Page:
Amanda Dietz and Michigan Lottery Commissioner Aric Nesbitt. Contributed photo.

It might not be a strategy you can rely on, but a Michigan woman says she’ll be able to pay off her student loan debt after buying a $5 lottery scratcher that turned out to be worth $300,000.

“The day I bought my ticket, I had just given a speech about student loan debt,” said Amanda Dietz. “I told the audience how wonderful it would be to win the lottery to wipe all of my debt out at once, and now here I am. It’s incredible.”

The 35-year-old Vicksburg resident says she bought a Multi-Prize Bingo game ticket, which lets players scratch off 40 bingo numbers and play them on 10 cards, on a Monday. After scraping bingo numbers over the next few days, she was happy to see she’d won $100.

But when she tried to cash the ticket in, the clerk at the Speedway gas station where she’d bought it told her she’d won much more, and that she’d have to call Michigan Lottery officials to claim her winnings.

When it finally sunk in that she’d won $300,000, Dietz decided to pay off her student loan debt and go on a cruise. She’ll invest the money that’s left over.

1 in 4 adults have student loan debt

According to a recent Federal Reserve survey, more than half of adults who have completed college (53 percent) took on some debt in the process. Nearly one in four adults (23 percent) are still repaying educational debt, either money that they borrowed to put themselves through college, or for a child or grandchild’s education.

Among those who are still repaying student loans, the typical (median) amount of debt is $17,000, with a monthly payment of $222. But because some borrowers owe far more, the average level of student loan debt is $32,731, with a monthly payment of $393.

Although it’s relatively easy to win small amounts — say $5 to $100 — the odds of buying a scratcher ticket and winning enough to pay off your student loans are quite long.

The overall odds of winning the Michigan Lottery game Dietz played — Multi-Prize Bingo — are 1 in 3.77. Although the game will award prizes to 1.47 million winners, only about 1,000 prizes will be worth more than $100. Three people will win $300,000, making the odds of winning the top prize about 1 in 1.8 million.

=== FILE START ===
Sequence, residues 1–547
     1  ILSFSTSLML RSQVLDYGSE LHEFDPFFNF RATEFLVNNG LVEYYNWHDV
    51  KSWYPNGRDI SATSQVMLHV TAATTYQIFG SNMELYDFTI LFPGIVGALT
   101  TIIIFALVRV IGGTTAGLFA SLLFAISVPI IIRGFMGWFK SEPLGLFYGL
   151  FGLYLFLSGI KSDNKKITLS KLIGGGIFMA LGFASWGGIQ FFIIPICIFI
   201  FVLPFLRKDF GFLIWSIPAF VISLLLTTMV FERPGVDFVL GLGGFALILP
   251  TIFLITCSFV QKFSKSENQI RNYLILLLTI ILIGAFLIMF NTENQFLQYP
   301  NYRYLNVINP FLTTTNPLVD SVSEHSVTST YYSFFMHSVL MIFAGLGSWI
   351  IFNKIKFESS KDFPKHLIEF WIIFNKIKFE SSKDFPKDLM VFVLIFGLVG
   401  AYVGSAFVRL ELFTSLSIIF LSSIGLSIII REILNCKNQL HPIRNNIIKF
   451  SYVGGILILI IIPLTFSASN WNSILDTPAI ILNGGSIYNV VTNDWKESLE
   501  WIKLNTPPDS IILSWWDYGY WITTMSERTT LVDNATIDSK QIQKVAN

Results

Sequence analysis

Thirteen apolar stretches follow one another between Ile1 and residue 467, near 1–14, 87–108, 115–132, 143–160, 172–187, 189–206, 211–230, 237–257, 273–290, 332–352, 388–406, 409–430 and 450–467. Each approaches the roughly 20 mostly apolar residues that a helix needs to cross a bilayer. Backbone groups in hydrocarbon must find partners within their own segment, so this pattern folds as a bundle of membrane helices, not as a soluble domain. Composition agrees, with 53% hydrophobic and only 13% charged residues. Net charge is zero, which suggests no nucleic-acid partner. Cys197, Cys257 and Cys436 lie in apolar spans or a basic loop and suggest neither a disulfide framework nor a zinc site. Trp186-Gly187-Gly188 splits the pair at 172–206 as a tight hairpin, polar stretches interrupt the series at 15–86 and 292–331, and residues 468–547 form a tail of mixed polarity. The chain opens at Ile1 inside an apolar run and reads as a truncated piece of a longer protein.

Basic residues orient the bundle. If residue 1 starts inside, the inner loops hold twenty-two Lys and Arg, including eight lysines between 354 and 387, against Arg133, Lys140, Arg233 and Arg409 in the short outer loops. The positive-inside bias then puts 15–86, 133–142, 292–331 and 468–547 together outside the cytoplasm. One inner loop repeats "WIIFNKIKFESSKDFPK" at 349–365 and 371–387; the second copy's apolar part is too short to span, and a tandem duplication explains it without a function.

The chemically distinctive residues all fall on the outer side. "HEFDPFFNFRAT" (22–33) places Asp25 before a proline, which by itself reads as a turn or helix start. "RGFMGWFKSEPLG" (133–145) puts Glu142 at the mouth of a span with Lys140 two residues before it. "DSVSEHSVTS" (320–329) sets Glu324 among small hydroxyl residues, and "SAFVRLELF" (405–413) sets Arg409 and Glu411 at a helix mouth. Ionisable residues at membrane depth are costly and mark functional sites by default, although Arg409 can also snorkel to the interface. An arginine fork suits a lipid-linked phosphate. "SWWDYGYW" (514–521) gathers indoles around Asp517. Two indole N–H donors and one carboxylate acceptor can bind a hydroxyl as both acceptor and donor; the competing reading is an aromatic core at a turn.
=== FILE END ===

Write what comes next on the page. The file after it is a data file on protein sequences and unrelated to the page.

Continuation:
Multi-Prize Bingo awards

Prize Number of prizes Total awards by prize
$300,000 3 $900,000
$12,000 5 $60,000
$10,000 10 $100,000
$2,000 36 $72,000
$1,000 72 $72,000
$500 265 $132,500
$200 162 $32,400
$115 462 $53,130
$100 9,873 $987,300
$75 11,128 $834,600
$50 21,836 $1,091,800
$30 40,757 $1,222,710
$25 69,574 $1,739,350
$20 194,759 $3,895,180
$10 528,782 $5,287,820
$5 598,490 $2,992,450
Total 1,476,214 $19,473,240
Total prizes $100 or less 1,475,199 $18,051,210
Total prizes greater than $100 1,015 $1,422,030

Source: Michigan Lottery and Credible News analysis.

Better ways to repay student loans

Keep in mind that that the lottery is a way for states to generate revenue for schools and other needs without having to raise taxes (since many who play the lottery are far from wealthy, critics say these types of games are essentially a “poor tax”).

Although this particular game will award close to $19.5 million in prizes, the 5.5 million tickets that will be sold at $5 a pop will generate $27.8 million in revenue.

As the Michigan Lottery reminds bettors, “You shouldn’t think of gaming as a way to make money, but rather an enjoyable form of entertainment performed in moderation.” Since the vast majority of gamblers will lose more than they win back, “Your money limit on gaming should be based on what you can afford to lose.”

For student loan borrowers who aren’t planning to win the lottery, strategies for tackling student loan debt include accelerated repaymentincome-driven repayment plans with the potential for loan forgiveness, and refinancing student loan debt at lower interest rates.

A longtime news reporter and editor, Matt Carter is out to help consumers find the information they need to make informed decisions about their personal finances. He's an avid producer and consumer of news and analysis about new business models and tools, market trends, and politics and regulations. Email: